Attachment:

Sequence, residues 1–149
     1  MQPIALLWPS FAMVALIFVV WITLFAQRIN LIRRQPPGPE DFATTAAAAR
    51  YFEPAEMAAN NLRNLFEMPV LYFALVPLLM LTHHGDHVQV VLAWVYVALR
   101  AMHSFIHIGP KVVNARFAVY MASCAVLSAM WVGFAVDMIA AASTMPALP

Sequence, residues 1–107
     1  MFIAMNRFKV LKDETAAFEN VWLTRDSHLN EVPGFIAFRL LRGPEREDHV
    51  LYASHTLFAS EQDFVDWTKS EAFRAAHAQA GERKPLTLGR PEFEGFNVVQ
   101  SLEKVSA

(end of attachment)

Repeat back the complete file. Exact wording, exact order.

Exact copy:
Sequence, residues 1–149
     1  MQPIALLWPS FAMVALIFVV WITLFAQRIN LIRRQPPGPE DFATTAAAAR
    51  YFEPAEMAAN NLRNLFEMPV LYFALVPLLM LTHHGDHVQV VLAWVYVALR
   101  AMHSFIHIGP KVVNARFAVY MASCAVLSAM WVGFAVDMIA AASTMPALP

Sequence, residues 1–107
     1  MFIAMNRFKV LKDETAAFEN VWLTRDSHLN EVPGFIAFRL LRGPEREDHV
    51  LYASHTLFAS EQDFVDWTKS EAFRAAHAQA GERKPLTLGR PEFEGFNVVQ
   101  SLEKVSA